For more details, visit Kids Data for a summary of childhood adversity and resilience and the California Department of Public Health website.

North Carolina Essentials for Childhood

By Catherine Joyner & Michelle Reis, North Carolina Department of Health and Human Services, Division of Public Health

In 2014, the North Carolina Institute of Medicine, in partnership with the North Carolina Department of Health and Human Services (NCDHHS) Division of Public Health (DPH), convened a statewide Task Force on Essentials for Childhood, tasked with developing a collaborative, evidence-based, public health initiative to address child abuse and neglect prevention and family well-being in North Carolina. The Task Force issued 15 recommendations aimed at improving collaboration and ensuring safe, stable, and nurturing relationships and environments for North Carolina’s children. Continue reading

Faith-Based Community Establishes Church Policies to Battle Cardiovascular Disease Health Disparities in Omaha, Nebraska

Black churches are answering the call to action to reduce racial and ethnic health disparities associated with cardiovascular disease by establishing Policy, System and Environment (PSE) changes. Through an expanded partnership with the Omaha Million Hearts® 2022 in Municipalities Project, the Omaha faith-based community will be able to sustain efforts in reducing cardiovascular disease. Continue reading

NACCHO Exchange Summer 2018: Breastfeeding

The summer 2018 issue of NACCHO Exchange showcases the ways in which local health departments are implementing policy, systems, and environment changes to increase breastfeeding rates in their communities. Below is an excerpt from the issue.

By Emily Bernard, IBCLC, NACCHO Consultant; Harumi Reis-Reilly, MS, LDN, CHES, IBCLC, Lead Program Analyst, Breastfeeding Project, NACCHO; and Nikia Fuller-Sankofa, MPH, MPA, Director, Breastfeeding Project, NACCHO

Breastfeeding in the Community: Using Policy, Systems, and Environmental Change Strategies to Facilitate Continuity of Care

Background
Leading health agencies in the United States recognize breastfeeding as a public health priority, including the American Academy of Pediatrics, the American Public Health Association, the Centers for Disease Control and Prevention (CDC), and the U.S. Department of Health and Human Services. Suboptimal breastfeeding has significant public health implications. Because human milk contains unreplaceable immunomodulation properties and live substances including antibodies, hormones, and enzymes that are not found in breast milk substitutes, infants who are not breastfed do not receive the same protection against illnesses.1 Not breastfeeding also increases the mother’s risk of several diseases, including breast cancer, ovarian cancer, cardiovascular diseases, and type 2 diabetes. Infants who are not breastfed have higher rates of diarrhea, necrotizing enterocolitis, otitis media, sudden infant death syndrome, obesity, and childhood leukemia.2 Annually, suboptimal breastfeeding contributes to 3,340 excess deaths, with medical costs totaling $3 billion and the costs of premature death totaling $14.2 billion.3 Continue reading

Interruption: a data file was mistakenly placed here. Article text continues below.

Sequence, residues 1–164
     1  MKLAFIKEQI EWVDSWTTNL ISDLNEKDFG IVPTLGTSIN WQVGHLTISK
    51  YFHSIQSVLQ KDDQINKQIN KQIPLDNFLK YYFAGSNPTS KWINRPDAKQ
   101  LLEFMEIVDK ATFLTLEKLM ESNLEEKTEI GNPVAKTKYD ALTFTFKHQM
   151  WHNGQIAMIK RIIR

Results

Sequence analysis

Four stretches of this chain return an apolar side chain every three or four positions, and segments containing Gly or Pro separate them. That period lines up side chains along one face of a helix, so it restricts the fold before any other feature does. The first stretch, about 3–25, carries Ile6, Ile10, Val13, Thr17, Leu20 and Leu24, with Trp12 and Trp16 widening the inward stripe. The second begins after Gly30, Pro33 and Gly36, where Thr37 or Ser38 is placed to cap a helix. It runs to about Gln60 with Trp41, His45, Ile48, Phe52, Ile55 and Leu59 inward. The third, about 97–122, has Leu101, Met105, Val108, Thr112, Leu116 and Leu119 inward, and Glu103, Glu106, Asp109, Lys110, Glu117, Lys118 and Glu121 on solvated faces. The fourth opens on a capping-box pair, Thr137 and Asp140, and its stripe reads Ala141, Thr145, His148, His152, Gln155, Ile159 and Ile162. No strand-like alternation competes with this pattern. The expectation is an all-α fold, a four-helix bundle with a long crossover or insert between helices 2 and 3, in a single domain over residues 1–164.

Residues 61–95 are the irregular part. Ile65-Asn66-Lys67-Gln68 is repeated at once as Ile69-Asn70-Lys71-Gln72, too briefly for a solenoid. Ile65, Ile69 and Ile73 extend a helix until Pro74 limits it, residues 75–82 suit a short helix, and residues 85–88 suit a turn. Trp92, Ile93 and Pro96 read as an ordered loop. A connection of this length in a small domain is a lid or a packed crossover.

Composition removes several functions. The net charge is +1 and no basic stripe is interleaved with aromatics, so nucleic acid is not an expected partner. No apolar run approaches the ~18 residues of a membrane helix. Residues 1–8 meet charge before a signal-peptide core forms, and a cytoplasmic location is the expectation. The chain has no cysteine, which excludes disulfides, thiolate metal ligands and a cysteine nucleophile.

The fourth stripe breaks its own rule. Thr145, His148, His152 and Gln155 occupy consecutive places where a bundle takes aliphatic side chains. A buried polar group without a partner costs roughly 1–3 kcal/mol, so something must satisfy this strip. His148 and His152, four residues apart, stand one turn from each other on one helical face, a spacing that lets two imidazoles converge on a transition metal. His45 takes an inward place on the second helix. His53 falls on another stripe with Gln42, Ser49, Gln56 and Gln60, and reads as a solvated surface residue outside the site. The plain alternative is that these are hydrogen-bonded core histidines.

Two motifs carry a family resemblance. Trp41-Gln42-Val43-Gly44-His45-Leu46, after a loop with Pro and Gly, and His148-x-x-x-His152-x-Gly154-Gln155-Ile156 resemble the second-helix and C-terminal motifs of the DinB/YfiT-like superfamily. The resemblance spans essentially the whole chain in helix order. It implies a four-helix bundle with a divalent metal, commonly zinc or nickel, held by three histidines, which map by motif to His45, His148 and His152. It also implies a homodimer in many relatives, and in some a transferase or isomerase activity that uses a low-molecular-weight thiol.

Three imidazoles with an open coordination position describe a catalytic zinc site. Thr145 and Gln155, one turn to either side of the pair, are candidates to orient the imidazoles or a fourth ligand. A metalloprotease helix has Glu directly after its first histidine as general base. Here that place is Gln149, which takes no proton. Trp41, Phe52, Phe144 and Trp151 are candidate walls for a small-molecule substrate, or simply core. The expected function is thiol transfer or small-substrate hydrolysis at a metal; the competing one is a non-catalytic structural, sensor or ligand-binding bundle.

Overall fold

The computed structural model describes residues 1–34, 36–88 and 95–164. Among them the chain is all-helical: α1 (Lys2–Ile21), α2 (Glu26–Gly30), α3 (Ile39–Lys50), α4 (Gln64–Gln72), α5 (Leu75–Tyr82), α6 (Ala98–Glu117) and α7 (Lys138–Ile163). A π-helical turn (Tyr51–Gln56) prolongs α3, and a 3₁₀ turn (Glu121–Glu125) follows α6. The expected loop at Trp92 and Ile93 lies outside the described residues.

Florida Epidemiologists Combating HAIs by Becoming CIC Certified

By Luz Caicedo, MPH, CPH, CIC and Danielle Walden, MPH, Florida Department of Health in Orange County

In 2018, the Florida Department of Health (Department), Health Care-Associated Infections (HAI) Infection Prevention Program, in collaboration with the Florida Department of Health in Orange County (DOH-Orange), established the HAI Certification in Infection Prevention and Control (CIC) Study Group.

The Centers for Disease Control and Prevention (CDC) recently reported that in 2011 there were an estimated 722,000 HAIs in U.S. acute-care hospitals. Approximately 75,000 of those patients with HAIs died during hospitalization. Public health surveillance, prevention and response are key to reducing the number of HAIs in local communities. Currently, health department involvement in HAI prevention is primarily through surveillance of reportable diseases and conditions as well as HAI outbreak response. According to CDC, outbreaks in health care settings are often attributed to failures in infection control practices or contaminated equipment or medications. It is important for public health staff to be knowledgeable in infection prevention and control. One of the key challenges for HAI prevention and response for public health staff is access to education and training on infection control. Based on a recent survey, 10 out of 104 (9.6%) epidemiology public health staff members in the Department hold the CIC credential. This low prevalence illustrates the need to implement a strategy to increase education and training in infection control for public health staff. Continue reading

Fostering Agency Through Local Public Health

By Grenadier, Andrea, BA; Holtgrave, Peter, MPH, MA; Aldridge, Chris, MSW, NACCHO

This article originally ran in the Journal of Public Health Management and Practice.

When public health departments support all aspects of the public’s well-being—beginning with striking at the roots of health inequity—it can create transformational change. Part of this process is encouraging people in communities to determine their own futures, to express agency; something that is rooted in action and power. So, how does local public health get there? Continue reading